Community-focused and Engaged

” Lead exposure is a problem that has a solution “

Lead Safe Allegheny is a coalition with over sixty members representing various diverse sectors. Two of its founding members, Karen Hacker (Medical Director, Allegheny County Health Department) and our Executive Director Michelle Naccarati-Chapkis, wrote the following Op-Ed to further increase awareness and participation in the community. We envision a community in which all Allegheny County children and their families live in a lead-safe environment.

“On April 28th the Post-Gazette editorial board boldly stated, “Only by attacking environmental and health problems head on can Pittsburgh reach its true potential.” The very next day the Report of Joint State Government Commission on Lead Exposure Risk was released. Coincidental? Yes. Timely and appropriate? Certainly.

Senate Resolution 33 of 2017 directed the Joint State Government Commission to “appoint an advisory committee to conduct an assessment of the public health threat posed to children by lead exposure in Pennsylvania’s water systems and in dwellings, schools, daycares, and other places where they spend a majority of their time.” The consensus was that lead exposure still exists, there is no safe level of lead exposure and the state must act now to protect children’s health.

The Lead Exposure Risk report provides recommendations that focus on primary prevention – preventing exposure to lead before it occurs. Studies show that for every dollar invested in lead poisoning prevention, between $17 and $221 are returned to the taxpayer. We are happy to see that this report echoes and amplifies the recommendations of our own County Lead Task Force Report but provides the legislative roadmap to preventing lead exposure. This week two senate bi-partisan bills were introduced to require universal blood lead testing in children and lead testing at early learning centers. Three additional bills will soon be introduced to require drinking water systems in schools to be tested, establish a statewide rental housing registry to certify that properties are lead-safe or lead-free, and clarify the plumbing system lead ban.

Lead is a widespread issue and knows no geographic boundaries. The Pennsylvania Department of Health has concluded that all of Pennsylvania is “at risk” for lead exposure. With aging infrastructure across the commonwealth, we as a community, must take responsibility for addressing lead exposure.

We know that over 80% of Allegheny County’s housing stock was built before 1978. The Commission has recommended that “all paint on the interior or exterior of any residential building on which the original construction was completed prior to January 1, 1978, shall be presumed to be lead-based.”

While the Joint State Government Commission was conducting this work, a coalition was building within Allegheny County to further the lead work being addressed by the Allegheny County Health Department, Allegheny County Economic Development and nonprofits. Now known as Lead Safe Allegheny, this coalition has over sixty members representing various sectors: academia, community-based organizations, contractors, early intervention specialists, government agencies, health care professionals, housing agencies, insurance providers and lead-safe trainers.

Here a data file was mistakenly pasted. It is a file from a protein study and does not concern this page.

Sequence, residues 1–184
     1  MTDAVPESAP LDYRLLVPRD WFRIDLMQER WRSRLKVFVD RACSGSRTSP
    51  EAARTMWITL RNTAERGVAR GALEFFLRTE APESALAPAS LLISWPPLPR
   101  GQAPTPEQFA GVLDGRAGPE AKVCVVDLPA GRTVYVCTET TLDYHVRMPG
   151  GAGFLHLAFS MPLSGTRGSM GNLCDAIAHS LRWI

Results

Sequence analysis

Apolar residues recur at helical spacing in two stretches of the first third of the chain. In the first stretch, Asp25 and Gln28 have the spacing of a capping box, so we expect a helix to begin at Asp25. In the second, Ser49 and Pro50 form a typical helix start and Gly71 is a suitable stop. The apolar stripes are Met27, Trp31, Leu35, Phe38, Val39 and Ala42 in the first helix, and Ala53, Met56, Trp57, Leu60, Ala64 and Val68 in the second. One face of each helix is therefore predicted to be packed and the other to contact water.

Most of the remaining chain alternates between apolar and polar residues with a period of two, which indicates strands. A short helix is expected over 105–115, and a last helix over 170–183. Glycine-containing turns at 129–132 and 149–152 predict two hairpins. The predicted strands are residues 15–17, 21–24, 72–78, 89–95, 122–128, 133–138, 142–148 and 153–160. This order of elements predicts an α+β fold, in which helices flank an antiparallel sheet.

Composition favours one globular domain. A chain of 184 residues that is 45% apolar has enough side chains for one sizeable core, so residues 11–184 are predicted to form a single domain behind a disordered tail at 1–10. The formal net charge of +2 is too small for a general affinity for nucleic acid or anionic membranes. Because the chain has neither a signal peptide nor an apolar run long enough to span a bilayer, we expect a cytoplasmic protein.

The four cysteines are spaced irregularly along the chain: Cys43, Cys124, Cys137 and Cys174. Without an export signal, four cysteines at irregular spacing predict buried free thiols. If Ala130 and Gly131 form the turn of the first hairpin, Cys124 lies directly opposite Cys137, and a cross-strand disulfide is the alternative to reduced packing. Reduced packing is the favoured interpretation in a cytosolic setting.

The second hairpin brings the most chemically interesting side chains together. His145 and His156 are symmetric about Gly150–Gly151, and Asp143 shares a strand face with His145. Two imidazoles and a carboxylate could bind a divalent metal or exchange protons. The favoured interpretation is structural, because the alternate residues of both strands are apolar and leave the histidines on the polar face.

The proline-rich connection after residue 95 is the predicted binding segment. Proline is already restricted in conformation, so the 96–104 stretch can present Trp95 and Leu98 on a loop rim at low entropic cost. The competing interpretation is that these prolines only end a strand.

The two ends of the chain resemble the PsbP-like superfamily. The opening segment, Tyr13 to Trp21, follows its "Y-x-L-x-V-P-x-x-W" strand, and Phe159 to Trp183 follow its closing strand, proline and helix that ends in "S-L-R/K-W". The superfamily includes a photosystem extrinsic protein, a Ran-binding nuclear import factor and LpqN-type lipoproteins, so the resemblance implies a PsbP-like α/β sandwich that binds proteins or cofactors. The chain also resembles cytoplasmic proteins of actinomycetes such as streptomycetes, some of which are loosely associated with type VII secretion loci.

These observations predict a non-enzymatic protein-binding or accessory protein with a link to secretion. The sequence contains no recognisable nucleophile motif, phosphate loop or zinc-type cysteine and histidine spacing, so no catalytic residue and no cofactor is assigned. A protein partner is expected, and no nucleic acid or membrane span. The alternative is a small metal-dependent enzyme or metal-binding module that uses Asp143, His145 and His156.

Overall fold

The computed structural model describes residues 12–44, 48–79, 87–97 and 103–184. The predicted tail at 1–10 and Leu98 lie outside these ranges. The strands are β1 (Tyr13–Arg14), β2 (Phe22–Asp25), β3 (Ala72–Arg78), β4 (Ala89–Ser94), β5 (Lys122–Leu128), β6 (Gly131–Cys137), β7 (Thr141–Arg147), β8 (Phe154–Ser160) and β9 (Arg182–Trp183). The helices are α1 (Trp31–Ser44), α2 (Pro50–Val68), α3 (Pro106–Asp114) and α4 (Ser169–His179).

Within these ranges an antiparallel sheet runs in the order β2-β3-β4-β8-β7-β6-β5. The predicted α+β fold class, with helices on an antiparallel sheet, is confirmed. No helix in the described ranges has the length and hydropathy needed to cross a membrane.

Lead Safe Allegheny’s priority is to provide leadership and advocacy that advances strategic initiatives and fosters collaboration among the community by focusing on primary prevention and ultimately creating a lead safe environment. The long-term goal of the coalition is to work effectively with all partners to decrease the number and percent of children exposed to lead and to increase the volume of housing stock that is lead-safe or lead free.
Our policy strategies closely align with that of the Commission.

  1. Increase the number of schools and early learning facilities testing for and re-mediating lead in drinking water.
  2. Engage municipalities across Allegheny County to educate stakeholders and decision-makers on lead safe ordinances, occupancy permits and inspection practices that address lead exposure.
  3. Promote lead demolition standards developed by the Institute of Politics and create case study(ies) to demonstrate best practices. (Contaminated soil is recognized as a route of exposure and concern in the report.)
  4. Continue to conduct public education and outreach.
    The Commission report confirms the priorities of Lead Safe Allegheny. Our work is underway including engaging municipalities, supporting schools and early learning centers with testing and remediation, and meeting with water authorities. Not only will the coalition continue to be active in Allegheny County, but it also will connect with and support partners across the state and in Harrisburg.

By enacting universal screening, Allegheny County has taken a lead in promoting primary prevention, enacting early intervention strategies and supporting families. In 2018, more than 20,000 children were screened. But some 400 children were found to have confirmed elevated lead levels over 5 ug/dL We must continue to focus on preventing lead exposure before it impacts a child’s developing brain.

Fortunately, lead exposure is a problem that has a solution. However, it takes the whole community working together to protect those most at risk, our children. This won’t be accomplished in a single year, but with a community-focused approach and engagement from many, including parents, we will ensure that exposures from lead are greatly diminished.

Karen Hacker, MD, MPH
Medical Director, Allegheny County Health Department
Member, PA Lead Task Force Committee

Michelle Naccarati-Chapkis
Executive Director, Women for a Healthy Environment
Chairwoman, Lead Safe Allegheny “

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